Pew news 22nd April 2018

It’s been an exhausting week.  Stress on every front.  Early mornings, late nights.  Still so much to do.

Sunday morning arrives.  Church.  Agh!  Not another thing!

I’ll give it a miss this week. 

I admit that it’s hard for someone who has been a minister for years to identify with that scenario completely because I have to be at church!  Still, I do know that wrung out feeling to some extent.  You crave some down time, like a thirsty person craves water.  The gentle challenge I’m about to write is offered with the sincere intention of lifting pressure, not adding it. 

Getting to church is an act of trust in God.  On the one hand, when life is busy, church seems like the irredeemable loss of two potentially fruitful hours.  On the other hand, when you’re exhausted, getting there seems like energy over-spend during the perfect opportunity to recharge.   

Yet God calls his children together weekly.  He does so for his glory and for our good.  He is glorified in our faith when we entrust our busyness to him enough to set it aside for a while.  He is glorified in the faith that trusts his capacity to refresh enough to override our instinct to collapse in a heap. In glorifying him, we promote our own good.  Making weekly church – as well as daily Bible reading and prayer – a priority, will ease the pressure elsewhere.  It’s ironic that for the sake of rest we forego what truly gives rest.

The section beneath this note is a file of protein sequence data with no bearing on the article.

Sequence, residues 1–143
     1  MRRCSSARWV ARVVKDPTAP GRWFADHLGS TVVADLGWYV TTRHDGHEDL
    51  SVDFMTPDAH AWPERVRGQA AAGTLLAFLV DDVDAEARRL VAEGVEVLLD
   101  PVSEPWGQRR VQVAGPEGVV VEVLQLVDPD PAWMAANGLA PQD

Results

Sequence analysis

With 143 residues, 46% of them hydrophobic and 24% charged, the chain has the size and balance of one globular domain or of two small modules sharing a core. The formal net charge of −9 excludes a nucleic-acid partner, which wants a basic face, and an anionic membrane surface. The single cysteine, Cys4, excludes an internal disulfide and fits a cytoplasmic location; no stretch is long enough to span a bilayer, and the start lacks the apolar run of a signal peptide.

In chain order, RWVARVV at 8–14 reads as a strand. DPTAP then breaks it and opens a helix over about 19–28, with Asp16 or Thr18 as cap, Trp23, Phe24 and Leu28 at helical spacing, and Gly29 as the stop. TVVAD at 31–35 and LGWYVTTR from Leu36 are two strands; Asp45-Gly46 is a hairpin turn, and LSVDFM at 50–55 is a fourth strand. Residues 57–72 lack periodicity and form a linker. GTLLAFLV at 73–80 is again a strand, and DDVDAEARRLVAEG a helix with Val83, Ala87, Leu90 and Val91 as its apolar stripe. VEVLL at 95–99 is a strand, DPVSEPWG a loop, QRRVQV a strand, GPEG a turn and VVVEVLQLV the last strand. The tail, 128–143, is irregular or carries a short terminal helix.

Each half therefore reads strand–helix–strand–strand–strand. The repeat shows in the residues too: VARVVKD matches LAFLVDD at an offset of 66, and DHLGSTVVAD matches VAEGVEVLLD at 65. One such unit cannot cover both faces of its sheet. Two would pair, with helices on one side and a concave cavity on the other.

It’s the spiritual equivalent of the woodcutter who wouldn’t sharpen his saw.  Do you know the story?  A wood cutter in the forest is sawing against the deadline of darkness.  An observer suggests he stops to sharpen the saw and to rest.  But he feels he can’t stop.  He furiously applies more pressure but cuts less effectively,

Wisdom stops to sharpen the saw.  It’s always easy for the observer to see.  But it’s the woodsman who would benefit most.          


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